And how did you learn, Chris?
CB: I basically did the same thing, but with someone else. I was living in Worcester, and there's a frame builder in Worcester named Toby Stanton. I worked with him for about three years and built my first few bikes up at his shop. It's a very old world, 18th- or 19th-century way of learning a skill, working with someone who's doing it, and often basically for free. It's such a complicated thing, as Brian was saying, that's really the only way to do it. People are certainly self-taught and they get books, but it just strikes me as an infinitely harder way to do it. If you're working with someone who's done it any longer than you have, you get the insight of whatever extra experience they have, whatever mistakes they've made you don't have to make. You know, you can make a bike, especially if someone's leading you through it, but it's all the minutia of how to make it fit someone and how to make it handle the way they want, and how to deal with things you aren't used to doing.
BC: Like being ambidextrous with the torch. Brazing is not something that comes naturally; it's a very learned skill. Even learning to weld is a course within itself. Harder than playing drums.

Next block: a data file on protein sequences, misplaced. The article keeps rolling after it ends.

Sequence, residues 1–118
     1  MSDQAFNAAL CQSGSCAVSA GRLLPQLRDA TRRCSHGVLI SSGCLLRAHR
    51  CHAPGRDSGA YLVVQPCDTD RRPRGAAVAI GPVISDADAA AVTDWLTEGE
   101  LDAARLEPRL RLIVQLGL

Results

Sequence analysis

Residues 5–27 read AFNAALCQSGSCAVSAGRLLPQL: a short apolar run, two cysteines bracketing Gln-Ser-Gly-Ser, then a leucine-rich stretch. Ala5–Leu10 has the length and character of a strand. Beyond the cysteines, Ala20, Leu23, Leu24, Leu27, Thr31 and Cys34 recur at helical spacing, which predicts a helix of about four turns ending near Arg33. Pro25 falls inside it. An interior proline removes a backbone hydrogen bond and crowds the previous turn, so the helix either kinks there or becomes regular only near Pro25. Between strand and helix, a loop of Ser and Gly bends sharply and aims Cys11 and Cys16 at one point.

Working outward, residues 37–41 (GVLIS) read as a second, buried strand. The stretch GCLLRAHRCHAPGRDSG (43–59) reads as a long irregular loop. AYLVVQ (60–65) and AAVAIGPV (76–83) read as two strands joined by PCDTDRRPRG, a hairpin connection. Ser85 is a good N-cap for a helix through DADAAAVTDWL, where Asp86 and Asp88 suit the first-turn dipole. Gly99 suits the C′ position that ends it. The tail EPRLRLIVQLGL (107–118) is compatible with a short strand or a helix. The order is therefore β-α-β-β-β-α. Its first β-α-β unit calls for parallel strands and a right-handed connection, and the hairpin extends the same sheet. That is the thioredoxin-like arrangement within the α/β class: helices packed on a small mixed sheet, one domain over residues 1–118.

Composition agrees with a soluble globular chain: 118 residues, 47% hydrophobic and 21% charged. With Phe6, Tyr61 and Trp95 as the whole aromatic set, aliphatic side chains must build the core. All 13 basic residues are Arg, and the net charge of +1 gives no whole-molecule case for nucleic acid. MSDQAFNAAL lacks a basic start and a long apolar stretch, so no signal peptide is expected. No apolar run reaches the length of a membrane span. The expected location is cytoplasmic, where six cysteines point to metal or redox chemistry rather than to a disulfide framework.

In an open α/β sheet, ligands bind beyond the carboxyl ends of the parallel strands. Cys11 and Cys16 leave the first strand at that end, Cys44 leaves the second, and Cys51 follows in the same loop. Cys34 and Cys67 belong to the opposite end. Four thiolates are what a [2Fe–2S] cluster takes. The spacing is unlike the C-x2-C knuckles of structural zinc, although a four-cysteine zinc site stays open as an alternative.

CB: Every one of these things, like just brazing, or just welding, or just painting, or just metalworking, like fitting tubes, are all things people learn over a lifetime and do as full careers. And here you're doing it all, and doing it with very fine materials as opposed to other metalworking. It's very expensive steel, it's very high quality steel and you can't make mistakes with it; you can't afford to. It's very thin. It's one thing to weld a bridge, it's another to weld stuff that's paper thin and not blow a hole through it, and make it into something that someone can ride down a mountain at 15 miles an hour and not have it break. That's not the kind of thing you learn when you're making a sculpture for your lawn or something.
How many people are there in the United States turning out high quality, hand-built steel frames right now?
BC: It must be like two or three hundred custom frame builders. If you go to any large city you'll find a frame builder or two there. 
CB: Or go to Portland and there's like a dozen.
BC: Going to a custom frame builder to get a bike is still a unique thing; you don't hear about everyone doing that. It's not in any way dying. It's definitely getting bigger, if anything.
What's the process of someone coming and getting a bike here?